A U.S. Supreme Court ruling on gun control stirs debate among local officials. The court ruling came this week, after two men from Maine were upset that their misdemeanor domestic assault convictions meant they could not own firearms.
The Supreme Court ruling included interpretations of the law that worry at least one Four State sheriff.
The U.S. Supreme Court's ruling on preventing certain people from possessing guns was two-fold. First, the court decided to uphold a federal law, enacted in 1996, that bans a person convicted of domestic violence from having a gun.
"To me, that's just another step by the gun grabbers to control our firearms," says Newton County Sheriff Ken Copeland.
Copeland says the government had enough gun control laws years ago.
"If they never made another gun law right now, it's OK," says Copeland.
Copeland says there will still be domestic violence or worse.
"People have been killing each other with knives and clubs since the beginning of time. It's all how you've been educated, how you've been brought-up," says Copeland.
But workers at Joplin's Lafayette House, a domestic violence victims' advocacy group, think differently.
"Perpetrators of domestic violence who have a conviction, yeah, if they have a gun in the house, I think the chances are higher that they're going to use it again," says Louise Secker with the Lafayette House.
The reason why the base of the Supreme Court's ruling is being debated is because the court also said misdemeanor domestic violence convictions, like slapping, hitting, choking, or grabbing hold of someone, are enough for a gun ban.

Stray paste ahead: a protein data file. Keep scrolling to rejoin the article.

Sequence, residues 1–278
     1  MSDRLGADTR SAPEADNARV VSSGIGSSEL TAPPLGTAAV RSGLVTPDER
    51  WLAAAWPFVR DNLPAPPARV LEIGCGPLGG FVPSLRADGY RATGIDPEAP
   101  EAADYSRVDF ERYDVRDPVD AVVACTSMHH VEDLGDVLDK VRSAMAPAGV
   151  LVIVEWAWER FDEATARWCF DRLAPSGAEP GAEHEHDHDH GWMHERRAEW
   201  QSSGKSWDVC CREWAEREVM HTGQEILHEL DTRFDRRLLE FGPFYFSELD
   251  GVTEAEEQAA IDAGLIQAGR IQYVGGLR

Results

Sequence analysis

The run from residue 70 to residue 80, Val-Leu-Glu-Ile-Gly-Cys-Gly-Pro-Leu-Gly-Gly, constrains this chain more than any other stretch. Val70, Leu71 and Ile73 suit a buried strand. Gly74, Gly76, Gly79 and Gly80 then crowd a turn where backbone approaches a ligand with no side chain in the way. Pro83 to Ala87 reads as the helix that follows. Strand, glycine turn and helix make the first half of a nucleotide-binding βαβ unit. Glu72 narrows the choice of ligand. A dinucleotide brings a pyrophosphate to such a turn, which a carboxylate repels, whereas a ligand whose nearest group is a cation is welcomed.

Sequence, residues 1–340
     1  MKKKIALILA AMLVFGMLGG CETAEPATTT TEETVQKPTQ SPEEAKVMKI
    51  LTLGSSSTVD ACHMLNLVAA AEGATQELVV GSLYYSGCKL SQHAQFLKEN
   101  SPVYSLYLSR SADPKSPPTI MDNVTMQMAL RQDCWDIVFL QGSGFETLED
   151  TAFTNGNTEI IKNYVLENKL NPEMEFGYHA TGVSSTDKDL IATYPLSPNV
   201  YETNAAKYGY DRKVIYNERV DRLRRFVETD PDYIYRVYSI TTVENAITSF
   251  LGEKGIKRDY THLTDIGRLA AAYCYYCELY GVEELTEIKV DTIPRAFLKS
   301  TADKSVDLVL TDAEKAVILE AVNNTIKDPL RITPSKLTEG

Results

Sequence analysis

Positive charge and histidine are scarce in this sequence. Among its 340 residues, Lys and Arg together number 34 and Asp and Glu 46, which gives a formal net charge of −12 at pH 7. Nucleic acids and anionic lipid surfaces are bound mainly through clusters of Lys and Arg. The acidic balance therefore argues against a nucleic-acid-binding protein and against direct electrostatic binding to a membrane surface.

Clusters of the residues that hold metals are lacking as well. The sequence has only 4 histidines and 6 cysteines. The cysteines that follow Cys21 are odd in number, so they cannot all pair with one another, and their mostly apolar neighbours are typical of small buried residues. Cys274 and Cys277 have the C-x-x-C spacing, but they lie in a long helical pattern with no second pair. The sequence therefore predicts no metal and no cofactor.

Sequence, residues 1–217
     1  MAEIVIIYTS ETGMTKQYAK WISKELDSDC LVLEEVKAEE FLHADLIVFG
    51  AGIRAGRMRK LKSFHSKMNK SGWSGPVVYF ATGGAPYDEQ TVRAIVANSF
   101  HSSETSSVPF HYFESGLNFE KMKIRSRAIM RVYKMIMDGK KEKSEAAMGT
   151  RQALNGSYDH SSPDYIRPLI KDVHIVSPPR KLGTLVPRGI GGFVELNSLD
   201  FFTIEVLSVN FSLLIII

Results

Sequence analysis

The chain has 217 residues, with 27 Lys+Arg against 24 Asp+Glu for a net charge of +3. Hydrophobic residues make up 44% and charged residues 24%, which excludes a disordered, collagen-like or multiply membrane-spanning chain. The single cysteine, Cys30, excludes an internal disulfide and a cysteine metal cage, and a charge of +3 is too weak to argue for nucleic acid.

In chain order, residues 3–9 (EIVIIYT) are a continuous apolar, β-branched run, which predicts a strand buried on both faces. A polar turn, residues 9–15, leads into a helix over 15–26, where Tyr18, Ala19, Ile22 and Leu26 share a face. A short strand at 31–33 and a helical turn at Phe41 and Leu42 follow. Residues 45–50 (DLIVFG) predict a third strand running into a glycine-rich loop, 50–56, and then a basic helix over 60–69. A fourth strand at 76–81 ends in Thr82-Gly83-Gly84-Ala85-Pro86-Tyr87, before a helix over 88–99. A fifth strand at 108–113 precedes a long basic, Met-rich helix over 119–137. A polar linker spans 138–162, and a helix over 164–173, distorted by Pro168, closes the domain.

The court, in a new assessment of the law, said it doesn't matter if the violence was reckless as opposed to intentional.
"I don't see the end result reaching what they're trying to do with this," says Copeland.
Copeland says he has never been asked by any court to uphold federal law and confiscate guns from a person convicted or felony domestic abuse.
Workers at the Lafayette House say local state governments should take the federal rule and transfer it to local law, too.
"I think it all comes down to having rules and laws on the books that our local law enforcement is able to enforce," says Secker.
Some states out of the Four State area already have domestic violence gun laws matching the federal level.
Workers at the Lafayette house say soon, cases of domestic abuse will be heard in county court, instead of municipal court if the alleged crime happened in a city. Lafayette House workers say that will help ensure the fairness and accuracy of domestic violence convictions.
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